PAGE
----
Yesterday morning Peter Prove preached a thought provoking sermon. I suggested two texts from Matthew's gospel as we were preparing the service - Christ's first temptation in Matthew 4 to turn stone into bread and then the passage later in Matthew 7 where Christ says which of you would give your child a stone when asked for bread?
What fascinated me about the way that Peter reflected on these passages is how brilliantly the Bible speaks to itself, and how challenging it is to have as inspiration a book of life which says seemingly contradictory things. What was particularly strange for me is that I had chosen these passages because they seemed to me to be part of the same continuum and ongoing discussion. I had never really thought about the passages as opposing one another. In his sermon Peter linked the two sayings:
In the first reading, Jesus – famished after 40 days and 40 nights of fasting – is tempted by the devil: "If you are the Son of God, command these stones to become loaves of bread." But even in the extremity of his physical hunger, Jesus rebuffs this temptation with the words from Scripture: “One does not live by bread alone, but by every word that comes from the mouth of God." But of course Jesus’ point is not – and cannot be – that food is not necessary.The Ecumenical Advocacy Alliance ,which Peter is director of, is running a Lenten campaign on food justice as part of its Fast for Life and Food for Life campaigns. I was struck by the idea about where is it in our world today, in our individual lives that we are trying to turn stones into bread? Treating people and the earth in a way that does not listen to God's word of life, that does not proceed from God's lips? Yesterday morning Peter posed the question like this:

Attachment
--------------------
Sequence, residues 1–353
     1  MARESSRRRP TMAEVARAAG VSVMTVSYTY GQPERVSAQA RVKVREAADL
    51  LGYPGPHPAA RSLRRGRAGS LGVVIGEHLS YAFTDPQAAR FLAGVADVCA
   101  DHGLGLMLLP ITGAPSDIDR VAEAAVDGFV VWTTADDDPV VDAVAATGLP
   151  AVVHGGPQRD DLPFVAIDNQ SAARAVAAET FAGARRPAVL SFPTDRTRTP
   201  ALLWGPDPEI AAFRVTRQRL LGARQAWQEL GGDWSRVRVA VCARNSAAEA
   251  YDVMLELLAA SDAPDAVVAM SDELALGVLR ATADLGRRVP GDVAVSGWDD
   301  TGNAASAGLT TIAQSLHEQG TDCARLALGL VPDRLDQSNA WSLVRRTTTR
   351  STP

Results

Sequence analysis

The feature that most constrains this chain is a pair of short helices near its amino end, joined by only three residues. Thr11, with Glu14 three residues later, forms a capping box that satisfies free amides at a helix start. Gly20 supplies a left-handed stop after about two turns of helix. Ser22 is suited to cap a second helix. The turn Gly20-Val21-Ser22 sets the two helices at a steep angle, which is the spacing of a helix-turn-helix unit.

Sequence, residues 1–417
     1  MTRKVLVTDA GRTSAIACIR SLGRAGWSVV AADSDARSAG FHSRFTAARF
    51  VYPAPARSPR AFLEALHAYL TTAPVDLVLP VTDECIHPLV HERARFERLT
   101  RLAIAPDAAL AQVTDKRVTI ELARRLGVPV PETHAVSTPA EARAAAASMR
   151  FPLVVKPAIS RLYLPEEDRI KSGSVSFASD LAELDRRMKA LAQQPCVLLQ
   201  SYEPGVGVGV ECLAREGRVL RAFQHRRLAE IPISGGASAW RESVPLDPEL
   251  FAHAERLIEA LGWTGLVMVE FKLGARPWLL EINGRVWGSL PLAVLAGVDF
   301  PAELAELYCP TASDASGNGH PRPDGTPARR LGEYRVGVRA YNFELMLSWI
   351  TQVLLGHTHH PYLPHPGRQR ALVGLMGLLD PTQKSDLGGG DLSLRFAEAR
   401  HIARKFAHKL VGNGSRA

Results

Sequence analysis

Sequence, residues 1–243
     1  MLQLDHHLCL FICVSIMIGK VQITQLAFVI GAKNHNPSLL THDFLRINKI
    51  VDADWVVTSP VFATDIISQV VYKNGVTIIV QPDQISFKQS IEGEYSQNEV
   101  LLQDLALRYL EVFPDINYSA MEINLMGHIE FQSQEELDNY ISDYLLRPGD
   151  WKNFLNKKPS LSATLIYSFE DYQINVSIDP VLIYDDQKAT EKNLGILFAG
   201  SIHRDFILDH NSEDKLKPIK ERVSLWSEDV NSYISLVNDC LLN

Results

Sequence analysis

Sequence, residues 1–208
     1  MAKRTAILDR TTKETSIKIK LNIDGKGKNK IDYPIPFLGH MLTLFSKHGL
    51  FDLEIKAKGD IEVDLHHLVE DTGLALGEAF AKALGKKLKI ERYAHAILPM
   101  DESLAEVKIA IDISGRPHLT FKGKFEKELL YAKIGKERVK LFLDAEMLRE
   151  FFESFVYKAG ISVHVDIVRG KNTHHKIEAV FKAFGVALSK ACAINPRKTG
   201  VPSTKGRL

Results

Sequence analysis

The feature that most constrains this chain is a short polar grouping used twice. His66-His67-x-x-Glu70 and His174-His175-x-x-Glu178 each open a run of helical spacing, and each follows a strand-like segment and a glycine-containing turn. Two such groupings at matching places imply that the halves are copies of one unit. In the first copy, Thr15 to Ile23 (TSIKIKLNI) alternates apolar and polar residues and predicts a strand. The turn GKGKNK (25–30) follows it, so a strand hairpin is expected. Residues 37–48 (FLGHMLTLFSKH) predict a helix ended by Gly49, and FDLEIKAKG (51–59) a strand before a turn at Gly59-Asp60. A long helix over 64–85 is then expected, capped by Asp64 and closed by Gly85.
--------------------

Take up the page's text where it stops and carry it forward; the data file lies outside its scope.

His words in the second reading strike a different note. “Is there anyone among you who, if your child asks for bread, will give a stone? Or if the child asks for a fish, will give a snake? If you then, who are evil, know how to give good gifts to your children, how much more will your Father in heaven give good things to those who ask him!”
Bread and fish. Not stones or snakes…
In what ways are we today tempted to unlearn this lesson, and to try to turn stones into bread? Could it be that our artificial fertilizers, nutritional supplements, genetically-modified organisms and other technological fixes all in some way represent our prideful response to the tempter’s ruse? And that in our headlong rush towards agrofuel at the expense of food production, we are succumbing to the opposite but equal temptation – to turn bread into stone?Sixteen years ago I preached with a view in the Temple in Divonne les Bains. I turned up with a stone in my hand to begin my sermon (on the woman taken in adultery ...), later I placed the stone on communion table next to the bread and wine. "Bread not stone" has long, long been one of my favourite refrains - even before I had read Elisabeth Schüssler Fiorenza - yet thinking once more about these texts makes me wonder whether my focus on bread not stone made me less able to see where sometimes the most life-giving thing is to trust in the word rather than break your teeth on stone.
I'll post a link to Peter's sermon once it goes online, you can find EAA's daily devotions for Lent here, and for now I'll end with his words:
In this Lenten season, what fast shall we choose? And what shall we offer the hungry
children: bread, or stones?